How many times does an employee just call (or text) that they are not coming in? Not feeling well? Something vague. Then months (or years) later, the employer gets a claim that the employee actually had a disability that required accommodating, and the manager knew, but no one engaged in the interactive process? Sound familiar? Happens all of the time in my world.
Some employers prefer not to ask why the employee is taking time off, and simply have a bucket of Paid Time Off (PTO). The rationale is — what you don’t know can’t hurt you — better not to know. But it’s time to rethink the don’t ask, don’t tell approach to employee time off. One risk is overlooking evidence of a medical issue that will come back to bite you later. Another risk is pay rate. PTO is often paid at the base rate. Statutory sick pay must be paid at the “regular rate.” If statutory sick is part of PTO that can get tricky. So in my view, unless there is a PTO bucket and a sick bucket, PTO is a no-go.
To make it even more complicated, coming in 2023, employees will be able to take time off for bereavement and certain emergency conditions. They will also be able to take CFRA leave for a “designated person.” Depending on the size of your business, many employees can also already take protected (but not necessarily paid) time off for domestic violence reasons, school activities, jury duty, witness duty, blood or bone marrow donation, civil service, when a spouse is deployed, Covid-19 (at least through 2022 if they haven’t already taken it), and so many other reasons.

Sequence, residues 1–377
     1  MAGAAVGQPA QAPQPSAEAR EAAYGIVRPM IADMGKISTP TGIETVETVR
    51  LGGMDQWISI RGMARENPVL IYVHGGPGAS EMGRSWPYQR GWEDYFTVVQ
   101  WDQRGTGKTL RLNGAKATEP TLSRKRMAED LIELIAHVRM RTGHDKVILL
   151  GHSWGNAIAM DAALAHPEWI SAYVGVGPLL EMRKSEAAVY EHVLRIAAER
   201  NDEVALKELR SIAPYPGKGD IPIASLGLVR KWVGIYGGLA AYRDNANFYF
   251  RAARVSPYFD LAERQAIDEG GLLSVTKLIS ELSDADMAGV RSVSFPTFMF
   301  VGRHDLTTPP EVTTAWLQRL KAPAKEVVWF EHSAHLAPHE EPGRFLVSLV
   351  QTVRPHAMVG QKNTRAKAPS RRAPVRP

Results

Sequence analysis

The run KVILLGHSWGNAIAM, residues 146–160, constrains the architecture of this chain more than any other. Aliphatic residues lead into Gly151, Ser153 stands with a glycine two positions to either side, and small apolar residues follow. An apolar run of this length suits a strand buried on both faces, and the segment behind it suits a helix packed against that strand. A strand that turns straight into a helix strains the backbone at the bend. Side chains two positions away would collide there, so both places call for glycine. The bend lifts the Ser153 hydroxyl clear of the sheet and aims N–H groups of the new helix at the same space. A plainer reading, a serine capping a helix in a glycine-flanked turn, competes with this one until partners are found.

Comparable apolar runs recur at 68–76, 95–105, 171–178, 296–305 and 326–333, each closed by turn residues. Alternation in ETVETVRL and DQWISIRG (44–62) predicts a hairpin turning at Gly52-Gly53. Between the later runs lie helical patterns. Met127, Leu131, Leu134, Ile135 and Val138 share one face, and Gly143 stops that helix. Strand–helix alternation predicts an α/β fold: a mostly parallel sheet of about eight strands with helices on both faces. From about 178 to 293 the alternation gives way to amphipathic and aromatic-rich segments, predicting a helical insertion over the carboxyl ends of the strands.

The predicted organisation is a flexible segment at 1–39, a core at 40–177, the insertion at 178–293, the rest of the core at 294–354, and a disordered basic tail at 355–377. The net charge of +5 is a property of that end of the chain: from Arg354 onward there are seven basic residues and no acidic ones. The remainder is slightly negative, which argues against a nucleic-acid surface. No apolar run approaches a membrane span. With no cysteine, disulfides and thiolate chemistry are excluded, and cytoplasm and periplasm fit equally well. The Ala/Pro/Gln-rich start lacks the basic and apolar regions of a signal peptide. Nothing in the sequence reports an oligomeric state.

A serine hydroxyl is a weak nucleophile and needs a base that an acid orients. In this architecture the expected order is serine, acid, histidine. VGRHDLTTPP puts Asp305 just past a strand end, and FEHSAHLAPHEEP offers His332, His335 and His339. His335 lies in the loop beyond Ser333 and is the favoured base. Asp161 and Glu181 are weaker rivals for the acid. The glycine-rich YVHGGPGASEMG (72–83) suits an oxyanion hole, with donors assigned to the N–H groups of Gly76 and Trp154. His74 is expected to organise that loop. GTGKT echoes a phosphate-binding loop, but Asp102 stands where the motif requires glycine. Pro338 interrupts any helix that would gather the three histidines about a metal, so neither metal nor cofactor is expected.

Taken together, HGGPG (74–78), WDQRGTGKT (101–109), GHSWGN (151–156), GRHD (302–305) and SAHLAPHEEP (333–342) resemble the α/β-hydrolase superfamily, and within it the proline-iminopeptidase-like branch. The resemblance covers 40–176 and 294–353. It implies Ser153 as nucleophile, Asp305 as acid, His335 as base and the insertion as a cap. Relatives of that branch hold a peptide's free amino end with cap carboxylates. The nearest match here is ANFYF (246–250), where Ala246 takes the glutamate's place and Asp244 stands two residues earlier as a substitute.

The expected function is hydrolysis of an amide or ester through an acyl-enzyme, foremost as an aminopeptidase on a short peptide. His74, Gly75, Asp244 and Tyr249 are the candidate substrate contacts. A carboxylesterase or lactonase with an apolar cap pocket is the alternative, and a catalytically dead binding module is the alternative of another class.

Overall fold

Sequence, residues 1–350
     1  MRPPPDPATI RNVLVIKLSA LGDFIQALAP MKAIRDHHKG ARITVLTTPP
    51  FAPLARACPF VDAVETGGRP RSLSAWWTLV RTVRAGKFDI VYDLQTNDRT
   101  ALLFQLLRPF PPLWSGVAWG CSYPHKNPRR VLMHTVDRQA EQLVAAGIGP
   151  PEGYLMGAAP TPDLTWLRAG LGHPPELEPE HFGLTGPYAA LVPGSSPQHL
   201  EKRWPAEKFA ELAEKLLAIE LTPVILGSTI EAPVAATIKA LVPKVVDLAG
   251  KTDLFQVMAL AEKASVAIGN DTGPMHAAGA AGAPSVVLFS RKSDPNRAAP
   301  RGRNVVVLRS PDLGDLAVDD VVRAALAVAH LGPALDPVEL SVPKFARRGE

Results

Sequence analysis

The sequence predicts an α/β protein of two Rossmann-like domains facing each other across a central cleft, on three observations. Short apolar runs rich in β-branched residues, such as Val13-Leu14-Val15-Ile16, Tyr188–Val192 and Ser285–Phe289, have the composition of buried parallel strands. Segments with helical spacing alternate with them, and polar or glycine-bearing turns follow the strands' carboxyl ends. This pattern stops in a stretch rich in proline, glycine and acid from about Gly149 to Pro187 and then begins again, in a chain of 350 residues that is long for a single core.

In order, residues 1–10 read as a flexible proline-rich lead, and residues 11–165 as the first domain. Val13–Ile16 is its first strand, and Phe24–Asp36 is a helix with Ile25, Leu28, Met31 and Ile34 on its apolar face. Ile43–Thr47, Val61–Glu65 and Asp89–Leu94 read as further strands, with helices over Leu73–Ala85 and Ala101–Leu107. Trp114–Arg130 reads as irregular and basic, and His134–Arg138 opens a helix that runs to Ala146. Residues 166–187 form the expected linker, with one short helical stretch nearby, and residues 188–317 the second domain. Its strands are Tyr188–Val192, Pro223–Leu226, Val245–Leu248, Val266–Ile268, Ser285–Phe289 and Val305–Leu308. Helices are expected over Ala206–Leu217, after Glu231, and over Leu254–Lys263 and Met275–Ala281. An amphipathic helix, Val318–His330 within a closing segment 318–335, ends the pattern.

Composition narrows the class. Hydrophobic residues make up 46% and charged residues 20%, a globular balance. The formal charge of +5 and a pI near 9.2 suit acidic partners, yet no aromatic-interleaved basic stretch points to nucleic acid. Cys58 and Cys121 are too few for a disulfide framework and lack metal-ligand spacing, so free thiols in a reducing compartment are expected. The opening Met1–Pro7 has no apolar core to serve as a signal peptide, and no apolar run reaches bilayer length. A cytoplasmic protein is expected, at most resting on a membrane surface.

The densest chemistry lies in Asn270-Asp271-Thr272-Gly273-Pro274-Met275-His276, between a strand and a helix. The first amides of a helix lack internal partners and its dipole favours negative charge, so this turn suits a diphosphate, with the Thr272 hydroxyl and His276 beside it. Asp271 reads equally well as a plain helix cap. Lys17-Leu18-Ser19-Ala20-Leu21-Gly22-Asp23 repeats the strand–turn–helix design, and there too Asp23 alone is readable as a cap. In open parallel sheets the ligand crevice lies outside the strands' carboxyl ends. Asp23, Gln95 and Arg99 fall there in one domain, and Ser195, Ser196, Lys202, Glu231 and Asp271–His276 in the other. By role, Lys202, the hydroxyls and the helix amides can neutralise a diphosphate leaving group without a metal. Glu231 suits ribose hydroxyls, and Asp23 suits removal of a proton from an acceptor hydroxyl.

What is an employer to do? How about having managers document the reasons for employee absences? Did the employee admit that they:
- Had car trouble?
- Missed the bus?
- Were hung over?
- Had to study for school?
- Needed a personal day?
- Don’t have daycare?
- Had a visiting friend or family member from out of town?
- Took an unapproved vacation day?
- Their pet (not service dog if they reside in Emeryville) was sick and had to go to the vet?
- They were sick (just with a cold or indigestion – something transient and non-serious) and they don’t have available sick time?
Document that. None of those reasons are protected time off.
Train your managers to send Human Resources a note to file, and better yet, attach the employee’s text admitting to the reason for the leave (“sorry boss, overslept”). Train the manager to ask, is there a reason for your absence? Give the employee a chance to say it is protected (“yes, my grandma passed”). If the employee provides a protected reason for the absence, then do not discipline. If there is a medical issue, engage in the interactive process and document it. Get an admission that all they needed was the time off you gave them. And if you are lucky enough to get an admission of an unprotected absence, like car trouble, at least you will have the evidence to prove it!